By pre-planning activities for your dog to do alone you can have worry-free fun with friends and family. With a little planning, you can strategically pair meal-time, puzzle toys or a peanut-butter packed Kong with time in the crate or away from guests. You can give your dog a dog-safe chew, a toy or scatter treats on their bed to help them transition to alone time. Keep in mind that your dog may have an easier time relaxing on their own after a physically or mentally stimulating activity. For ideas, you can read our article: All About Playing with Your Pup.

Crating your dog amidst the hustle and bustle of holiday fun doesn’t exactly allow your dog to relax. Be sure to create a relaxing space for your dog by using a spare room, a crate or a baby gate to keep the dog separated from guests. As a bonus, you can play music, put on the television or fans to help drown out party sounds that might cause your dog to startle, bark or whine.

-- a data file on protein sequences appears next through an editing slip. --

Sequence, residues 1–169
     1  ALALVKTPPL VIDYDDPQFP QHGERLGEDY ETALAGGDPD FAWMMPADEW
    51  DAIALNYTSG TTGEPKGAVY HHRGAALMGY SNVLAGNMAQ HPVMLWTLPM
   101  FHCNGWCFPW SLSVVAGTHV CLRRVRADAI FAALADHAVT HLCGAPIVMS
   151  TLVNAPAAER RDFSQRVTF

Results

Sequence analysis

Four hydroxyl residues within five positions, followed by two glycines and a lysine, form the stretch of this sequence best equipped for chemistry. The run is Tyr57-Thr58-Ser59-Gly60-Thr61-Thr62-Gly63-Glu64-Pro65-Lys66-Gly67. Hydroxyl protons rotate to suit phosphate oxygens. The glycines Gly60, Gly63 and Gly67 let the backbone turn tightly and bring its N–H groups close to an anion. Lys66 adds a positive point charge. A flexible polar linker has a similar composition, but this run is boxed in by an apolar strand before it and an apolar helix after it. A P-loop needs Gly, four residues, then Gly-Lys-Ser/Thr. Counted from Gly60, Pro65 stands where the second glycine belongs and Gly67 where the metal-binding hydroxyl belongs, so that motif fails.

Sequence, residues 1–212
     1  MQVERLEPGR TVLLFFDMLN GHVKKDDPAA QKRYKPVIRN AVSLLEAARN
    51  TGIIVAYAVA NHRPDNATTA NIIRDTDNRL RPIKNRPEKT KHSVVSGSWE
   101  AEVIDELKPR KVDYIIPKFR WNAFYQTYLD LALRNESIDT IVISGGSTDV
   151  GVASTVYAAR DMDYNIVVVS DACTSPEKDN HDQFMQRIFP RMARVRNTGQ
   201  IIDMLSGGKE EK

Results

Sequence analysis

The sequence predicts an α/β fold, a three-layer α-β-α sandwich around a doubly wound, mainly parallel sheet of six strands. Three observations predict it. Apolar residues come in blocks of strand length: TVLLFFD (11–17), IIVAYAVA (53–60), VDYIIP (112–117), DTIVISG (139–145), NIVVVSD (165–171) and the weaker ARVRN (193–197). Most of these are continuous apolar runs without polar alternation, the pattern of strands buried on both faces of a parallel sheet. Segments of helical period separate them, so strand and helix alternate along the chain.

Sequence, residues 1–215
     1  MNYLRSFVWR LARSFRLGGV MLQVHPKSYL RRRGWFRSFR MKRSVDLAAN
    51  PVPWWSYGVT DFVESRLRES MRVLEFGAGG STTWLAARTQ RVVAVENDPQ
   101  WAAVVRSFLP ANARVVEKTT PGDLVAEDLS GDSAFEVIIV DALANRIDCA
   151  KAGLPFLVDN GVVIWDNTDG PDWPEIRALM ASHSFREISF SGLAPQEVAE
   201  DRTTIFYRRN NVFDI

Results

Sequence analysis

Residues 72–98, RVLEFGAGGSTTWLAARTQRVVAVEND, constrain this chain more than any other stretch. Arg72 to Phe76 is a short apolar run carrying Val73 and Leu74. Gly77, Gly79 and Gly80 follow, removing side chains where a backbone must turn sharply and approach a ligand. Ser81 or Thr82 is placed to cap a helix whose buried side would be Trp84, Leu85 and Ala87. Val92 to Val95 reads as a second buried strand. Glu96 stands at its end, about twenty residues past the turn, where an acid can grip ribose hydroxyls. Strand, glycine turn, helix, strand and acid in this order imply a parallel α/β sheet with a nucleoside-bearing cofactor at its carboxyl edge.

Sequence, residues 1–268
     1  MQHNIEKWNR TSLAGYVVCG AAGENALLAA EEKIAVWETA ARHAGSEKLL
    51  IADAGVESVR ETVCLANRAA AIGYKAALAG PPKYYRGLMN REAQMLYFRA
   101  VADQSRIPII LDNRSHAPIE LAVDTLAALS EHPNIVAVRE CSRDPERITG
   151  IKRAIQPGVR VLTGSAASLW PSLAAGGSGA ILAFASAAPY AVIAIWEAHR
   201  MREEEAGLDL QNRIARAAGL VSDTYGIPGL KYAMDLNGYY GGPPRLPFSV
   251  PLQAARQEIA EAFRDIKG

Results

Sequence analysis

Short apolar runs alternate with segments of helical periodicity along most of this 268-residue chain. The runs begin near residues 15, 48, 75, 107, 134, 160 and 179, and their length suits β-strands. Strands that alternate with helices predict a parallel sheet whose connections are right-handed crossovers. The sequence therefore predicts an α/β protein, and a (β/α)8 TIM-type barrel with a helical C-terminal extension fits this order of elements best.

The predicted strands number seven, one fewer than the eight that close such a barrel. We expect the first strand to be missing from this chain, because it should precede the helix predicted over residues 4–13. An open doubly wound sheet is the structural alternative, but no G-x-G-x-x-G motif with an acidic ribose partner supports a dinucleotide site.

Choose Dog Friendly Activities

There are many dog-friendly activities you can do with your dog during the holidays, here are a few ways our trainers recommend you include your dog in the fun and festivities. Getting outside is a great way to keep you and your pet active. You could go for a hike, take your dog window shopping downtown or walk around the neighborhood to look at decorations. Many towns have holiday parades that your dog may accompany you to watch; however, you should consider the size of the crowd, what other animals will be present and whether your dog will be comfortable on the sidelines.

If the weather outside is frightful, consider one of the many indoor activities where your dog can join in on the fun. Your dog may enjoy movie time with hot cocoa, snuggling by the fire or doing a photoshoot of their best tricks for your holiday card. Consider baking holiday dog treats or heading to your local pet store to pick out gifts for four legged friends. However you choose to celebrate the holidays with your dog, our trainers recommend you have treats at the ready to reinforce behaviors you want to encourage!